A mass drug administration (MDA) programme has been key in the strategy to control LF in the two states. The programme involves giving medicines to entire communities in areas such as Muzaffarpur where the disease is prevalent, the goal being to kill the worms in infected individuals and prevent the spread of the disease.

Having lived with the disease all her life, Kumar said she is determined to spare others from enduring the same hardship. When people hear her story, they are often motivated to accept the medicine. She expressed,

Distributing medicines and raising awareness about prevention has not only given me a sense of purpose but also empowered me. I was sidelined and neglected by society and even my own family. I spent years believing that was my fate, but this endeavour has given me a reason to live.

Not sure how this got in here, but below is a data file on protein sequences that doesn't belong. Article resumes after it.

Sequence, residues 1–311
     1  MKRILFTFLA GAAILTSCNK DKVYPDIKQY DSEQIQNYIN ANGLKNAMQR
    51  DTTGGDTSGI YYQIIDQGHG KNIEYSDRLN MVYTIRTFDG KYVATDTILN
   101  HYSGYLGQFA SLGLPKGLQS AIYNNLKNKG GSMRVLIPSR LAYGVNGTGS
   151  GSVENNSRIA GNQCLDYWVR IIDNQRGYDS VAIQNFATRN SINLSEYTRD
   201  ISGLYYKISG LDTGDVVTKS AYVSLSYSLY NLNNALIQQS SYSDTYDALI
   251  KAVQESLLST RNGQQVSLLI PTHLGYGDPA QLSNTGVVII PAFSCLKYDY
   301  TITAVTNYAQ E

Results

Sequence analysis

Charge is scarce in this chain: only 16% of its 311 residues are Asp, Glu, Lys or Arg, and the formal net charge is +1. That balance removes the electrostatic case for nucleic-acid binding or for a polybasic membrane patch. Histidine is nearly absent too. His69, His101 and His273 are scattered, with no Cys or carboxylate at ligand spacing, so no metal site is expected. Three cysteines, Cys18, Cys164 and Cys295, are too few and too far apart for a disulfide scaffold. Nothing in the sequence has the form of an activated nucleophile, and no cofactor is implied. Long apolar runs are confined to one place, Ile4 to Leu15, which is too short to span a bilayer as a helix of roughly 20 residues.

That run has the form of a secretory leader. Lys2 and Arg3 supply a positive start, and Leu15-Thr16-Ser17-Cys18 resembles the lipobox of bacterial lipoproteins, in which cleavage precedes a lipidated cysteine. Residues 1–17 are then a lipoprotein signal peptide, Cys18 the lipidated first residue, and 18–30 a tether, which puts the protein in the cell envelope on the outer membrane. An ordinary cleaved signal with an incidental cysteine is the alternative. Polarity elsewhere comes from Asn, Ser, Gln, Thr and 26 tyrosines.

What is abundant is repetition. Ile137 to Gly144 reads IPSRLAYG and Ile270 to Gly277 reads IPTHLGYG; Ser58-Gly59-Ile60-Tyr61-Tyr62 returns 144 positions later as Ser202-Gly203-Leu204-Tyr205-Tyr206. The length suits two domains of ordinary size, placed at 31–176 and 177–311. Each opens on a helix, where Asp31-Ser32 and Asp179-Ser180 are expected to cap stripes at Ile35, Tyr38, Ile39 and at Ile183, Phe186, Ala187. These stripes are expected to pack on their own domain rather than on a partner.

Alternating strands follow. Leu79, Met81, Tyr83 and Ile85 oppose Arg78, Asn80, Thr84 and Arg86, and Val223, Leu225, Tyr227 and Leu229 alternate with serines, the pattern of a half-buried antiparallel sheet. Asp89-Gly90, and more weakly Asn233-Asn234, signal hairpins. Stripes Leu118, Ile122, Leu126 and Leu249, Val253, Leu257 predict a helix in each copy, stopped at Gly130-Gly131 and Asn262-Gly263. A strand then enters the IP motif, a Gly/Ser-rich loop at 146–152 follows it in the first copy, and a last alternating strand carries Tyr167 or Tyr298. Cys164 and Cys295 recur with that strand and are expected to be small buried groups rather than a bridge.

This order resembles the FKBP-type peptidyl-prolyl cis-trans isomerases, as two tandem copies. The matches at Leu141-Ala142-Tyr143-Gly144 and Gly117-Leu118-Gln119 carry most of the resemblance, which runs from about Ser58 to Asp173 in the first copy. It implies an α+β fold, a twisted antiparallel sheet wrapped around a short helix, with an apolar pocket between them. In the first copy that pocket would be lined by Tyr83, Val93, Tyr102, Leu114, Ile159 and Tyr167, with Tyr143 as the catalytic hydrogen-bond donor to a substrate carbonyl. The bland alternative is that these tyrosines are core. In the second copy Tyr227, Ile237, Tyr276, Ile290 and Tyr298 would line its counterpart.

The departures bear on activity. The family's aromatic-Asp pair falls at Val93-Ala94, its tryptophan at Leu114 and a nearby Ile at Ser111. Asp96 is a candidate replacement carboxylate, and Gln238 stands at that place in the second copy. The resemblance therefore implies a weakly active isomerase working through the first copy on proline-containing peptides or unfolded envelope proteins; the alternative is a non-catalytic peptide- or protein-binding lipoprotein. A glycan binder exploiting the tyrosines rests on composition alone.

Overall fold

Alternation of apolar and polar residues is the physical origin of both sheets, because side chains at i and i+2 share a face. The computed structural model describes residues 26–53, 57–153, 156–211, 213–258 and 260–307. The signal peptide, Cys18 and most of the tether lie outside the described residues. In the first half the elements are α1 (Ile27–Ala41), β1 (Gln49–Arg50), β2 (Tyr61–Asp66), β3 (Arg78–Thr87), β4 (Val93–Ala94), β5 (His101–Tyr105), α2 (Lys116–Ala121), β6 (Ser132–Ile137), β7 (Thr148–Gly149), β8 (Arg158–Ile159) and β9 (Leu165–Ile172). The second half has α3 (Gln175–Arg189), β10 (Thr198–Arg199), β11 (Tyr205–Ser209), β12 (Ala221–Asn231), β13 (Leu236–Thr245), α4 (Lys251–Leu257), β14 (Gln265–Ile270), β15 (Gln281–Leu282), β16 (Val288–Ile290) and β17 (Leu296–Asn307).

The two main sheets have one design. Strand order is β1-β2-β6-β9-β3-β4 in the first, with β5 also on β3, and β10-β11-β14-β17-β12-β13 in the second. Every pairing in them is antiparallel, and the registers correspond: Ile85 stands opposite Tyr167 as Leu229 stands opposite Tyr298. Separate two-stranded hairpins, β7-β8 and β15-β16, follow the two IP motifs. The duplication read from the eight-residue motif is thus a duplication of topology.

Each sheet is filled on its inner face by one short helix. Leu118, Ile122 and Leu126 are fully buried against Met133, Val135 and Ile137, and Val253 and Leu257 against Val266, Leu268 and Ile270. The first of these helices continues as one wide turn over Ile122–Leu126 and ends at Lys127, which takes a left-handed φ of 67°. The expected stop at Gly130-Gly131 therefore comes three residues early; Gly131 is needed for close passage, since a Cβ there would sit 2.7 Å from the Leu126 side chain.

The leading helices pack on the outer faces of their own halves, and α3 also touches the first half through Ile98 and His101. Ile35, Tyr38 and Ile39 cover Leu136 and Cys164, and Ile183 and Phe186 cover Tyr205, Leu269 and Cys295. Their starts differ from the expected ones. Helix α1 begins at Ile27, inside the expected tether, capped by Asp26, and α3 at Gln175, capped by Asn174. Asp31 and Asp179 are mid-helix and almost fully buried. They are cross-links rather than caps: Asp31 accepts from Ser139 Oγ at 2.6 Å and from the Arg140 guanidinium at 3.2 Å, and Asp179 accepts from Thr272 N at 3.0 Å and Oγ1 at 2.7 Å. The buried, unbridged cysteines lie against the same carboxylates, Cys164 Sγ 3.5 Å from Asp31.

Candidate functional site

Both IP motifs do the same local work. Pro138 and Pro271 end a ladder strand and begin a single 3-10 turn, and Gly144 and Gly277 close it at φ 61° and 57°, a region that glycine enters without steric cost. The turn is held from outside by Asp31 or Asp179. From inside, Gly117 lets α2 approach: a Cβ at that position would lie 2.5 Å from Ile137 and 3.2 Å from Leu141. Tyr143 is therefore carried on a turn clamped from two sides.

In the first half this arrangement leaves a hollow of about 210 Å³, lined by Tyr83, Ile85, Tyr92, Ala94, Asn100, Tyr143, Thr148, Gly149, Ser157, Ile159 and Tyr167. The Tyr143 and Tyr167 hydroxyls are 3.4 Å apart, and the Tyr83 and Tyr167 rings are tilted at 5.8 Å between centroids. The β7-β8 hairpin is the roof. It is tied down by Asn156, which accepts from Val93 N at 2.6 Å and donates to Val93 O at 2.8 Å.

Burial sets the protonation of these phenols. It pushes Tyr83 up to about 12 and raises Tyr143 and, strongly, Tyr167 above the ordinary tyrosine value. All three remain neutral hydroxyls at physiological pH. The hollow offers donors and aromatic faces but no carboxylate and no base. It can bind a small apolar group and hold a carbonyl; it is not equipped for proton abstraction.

In Muzaffarpur, 568 women and 273 men are part of the Filaria Patient Network, actively participating in medicine distribution and advocating hygiene conditions to prevent acute attacks. In Gopalganj, the network comprises 721 women and 299 men.

Also Read: Two-Thirds Of Total Patients Of Neglected Tropical Diseases Are In India: Former Director General Of ICMR

There are 15,090 cases of lymphoedema (chronic lymphatic filariasis) in Muzaffarpur and 8,017 in Gopalganj. LF is endemic in both the areas.

When lymphatic filariasis develops into chronic conditions it leads to lymphoedema (tissue swelling) or elephantiasis (skin/tissue thickening) of limbs and hydrocele (scrotal swelling).

Khushbu Nisa, an LF patient from neighbouring Mugal Biracha village in Gopalganj, said she faces personal challenges each time she ventures out to distribute medicine. She shared,